OAKLAND (CBS SF) — After a months-long search for a new superintendent for the Oakland Unified School District, the school board announced Wednesday evening that Kyla Johnson-Trammell has been selected for the position.
If the full board approves the selection of Johnson-Trammell, she will succeed former superintendent Antwan Wilson, who left at the end of January to lead a school district in Washington, D.C.
Devin Dillon, the school district’s former deputy superintendent, has been serving as interim superintendent since Wilson left.
Johnson-Trammell, who’s been with the district for 18 years, is currently serving as the district’s interim deputy superintendent.
Johnson-Trammell was born and raised in Oakland and her family has lived in the city for three generations. Having attended Montclair Elementary School and Montera Middle School in the past, she is an advocate for Oakland’s public schools, school district officials said.
Johnson-Trammell holds a communications degree from the University of Pennsylvania and has an education doctorate degree from University of California at Berkeley in educational leadership.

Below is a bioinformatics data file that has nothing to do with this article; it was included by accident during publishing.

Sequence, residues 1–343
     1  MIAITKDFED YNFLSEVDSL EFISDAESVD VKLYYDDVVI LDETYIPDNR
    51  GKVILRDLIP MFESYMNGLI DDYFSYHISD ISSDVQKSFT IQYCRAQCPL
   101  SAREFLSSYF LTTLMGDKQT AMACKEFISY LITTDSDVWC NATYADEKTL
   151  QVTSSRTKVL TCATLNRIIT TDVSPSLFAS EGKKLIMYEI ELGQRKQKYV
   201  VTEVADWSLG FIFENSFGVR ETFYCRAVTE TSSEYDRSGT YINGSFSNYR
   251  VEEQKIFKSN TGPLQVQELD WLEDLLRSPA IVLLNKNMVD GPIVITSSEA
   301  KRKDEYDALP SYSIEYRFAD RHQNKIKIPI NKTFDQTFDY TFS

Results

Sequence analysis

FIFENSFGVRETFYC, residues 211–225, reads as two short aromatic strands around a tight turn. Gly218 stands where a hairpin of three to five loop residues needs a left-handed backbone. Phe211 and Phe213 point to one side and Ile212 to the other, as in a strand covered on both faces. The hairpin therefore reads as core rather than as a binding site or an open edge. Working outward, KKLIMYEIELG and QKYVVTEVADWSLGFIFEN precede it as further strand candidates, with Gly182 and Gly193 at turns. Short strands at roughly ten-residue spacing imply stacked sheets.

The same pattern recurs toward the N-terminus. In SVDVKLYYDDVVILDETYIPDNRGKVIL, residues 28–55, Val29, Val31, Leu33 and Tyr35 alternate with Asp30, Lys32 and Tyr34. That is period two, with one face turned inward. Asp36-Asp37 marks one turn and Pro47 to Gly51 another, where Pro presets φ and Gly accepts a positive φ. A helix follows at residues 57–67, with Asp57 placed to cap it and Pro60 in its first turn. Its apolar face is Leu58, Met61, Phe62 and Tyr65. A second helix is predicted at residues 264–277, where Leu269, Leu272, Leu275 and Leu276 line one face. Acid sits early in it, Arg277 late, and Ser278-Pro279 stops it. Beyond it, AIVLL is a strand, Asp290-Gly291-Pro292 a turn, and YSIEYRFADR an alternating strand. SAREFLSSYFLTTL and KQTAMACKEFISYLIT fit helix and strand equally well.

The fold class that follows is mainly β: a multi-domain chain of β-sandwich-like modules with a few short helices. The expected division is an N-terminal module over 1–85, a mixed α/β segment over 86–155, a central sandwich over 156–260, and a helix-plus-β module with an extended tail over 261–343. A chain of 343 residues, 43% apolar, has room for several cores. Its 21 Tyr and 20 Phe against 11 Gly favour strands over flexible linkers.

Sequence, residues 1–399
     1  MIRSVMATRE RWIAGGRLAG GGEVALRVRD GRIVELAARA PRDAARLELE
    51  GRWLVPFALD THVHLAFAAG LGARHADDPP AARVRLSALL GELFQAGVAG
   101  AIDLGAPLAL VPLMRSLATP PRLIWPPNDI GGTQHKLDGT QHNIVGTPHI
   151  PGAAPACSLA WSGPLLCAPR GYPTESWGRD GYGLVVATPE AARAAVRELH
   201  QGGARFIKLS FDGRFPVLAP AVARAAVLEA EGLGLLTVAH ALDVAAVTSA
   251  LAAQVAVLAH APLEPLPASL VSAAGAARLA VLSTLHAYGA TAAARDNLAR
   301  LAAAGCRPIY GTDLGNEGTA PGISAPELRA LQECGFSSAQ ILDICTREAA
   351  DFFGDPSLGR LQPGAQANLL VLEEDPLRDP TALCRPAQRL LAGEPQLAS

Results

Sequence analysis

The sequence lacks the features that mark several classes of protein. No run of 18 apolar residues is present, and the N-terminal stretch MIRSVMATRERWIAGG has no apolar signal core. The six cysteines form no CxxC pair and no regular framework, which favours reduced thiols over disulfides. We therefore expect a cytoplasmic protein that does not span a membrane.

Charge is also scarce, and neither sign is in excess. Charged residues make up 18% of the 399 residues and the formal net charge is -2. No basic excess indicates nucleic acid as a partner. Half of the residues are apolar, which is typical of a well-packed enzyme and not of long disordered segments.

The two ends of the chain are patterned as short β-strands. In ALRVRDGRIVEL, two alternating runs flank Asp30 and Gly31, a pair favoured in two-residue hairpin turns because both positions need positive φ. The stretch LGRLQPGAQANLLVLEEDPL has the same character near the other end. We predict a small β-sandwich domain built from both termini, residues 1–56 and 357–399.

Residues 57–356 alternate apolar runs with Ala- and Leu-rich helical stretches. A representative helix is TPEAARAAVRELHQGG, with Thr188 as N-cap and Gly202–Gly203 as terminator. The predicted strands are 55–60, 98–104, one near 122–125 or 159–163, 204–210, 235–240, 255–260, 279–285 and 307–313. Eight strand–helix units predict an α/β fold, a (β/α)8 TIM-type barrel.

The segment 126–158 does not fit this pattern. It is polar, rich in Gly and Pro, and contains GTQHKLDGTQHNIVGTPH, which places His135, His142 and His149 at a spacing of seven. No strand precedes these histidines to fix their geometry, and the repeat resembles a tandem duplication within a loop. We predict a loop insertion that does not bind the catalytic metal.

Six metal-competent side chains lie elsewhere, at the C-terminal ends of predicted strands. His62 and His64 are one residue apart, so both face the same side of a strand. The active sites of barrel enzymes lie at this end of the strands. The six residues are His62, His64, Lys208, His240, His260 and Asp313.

“I am honored by this opportunity to guide such an important organization in my hometown. To lead the teachers and staff of OUSD has been a dream of mine since I first stepped into a classroom as a professional,” Johnson-Trammell said in a statement. “I am excited by the progress our district has made and look forward to tackling the challenges that lie ahead,” she said.
“Kyla embodies in so many ways everything the community was looking for in a superintendent,” said Ash Solar, executive director of GO Public Schools Oakland, a non-profit organization focused on education advocacy.
GO Public Schools Oakland assisted the district in the search for a permanent superintendent by convening community groups, parents and teachers to establish the qualifications and values needed for the position, according to Solar.
School district officials said a diverse group of people applied to become Oakland’s superintendent of schools, with over 50 percent identifying as people of color and 37 percent as female, according to the Oakland Unified School District.
Of the 35 applicants for the position, nine were African American, eight were Latino and three were Asian. Of the remaining applicants, 12 are Caucasian and three were of unknown background, according to numbers released by the district.
More than 60 percent of the applicants, a total of 21 people, live in Oakland or the Bay Area. Four of the applicants are from California, but outside the Bay Area and 10 are from out of state, school district officials said.
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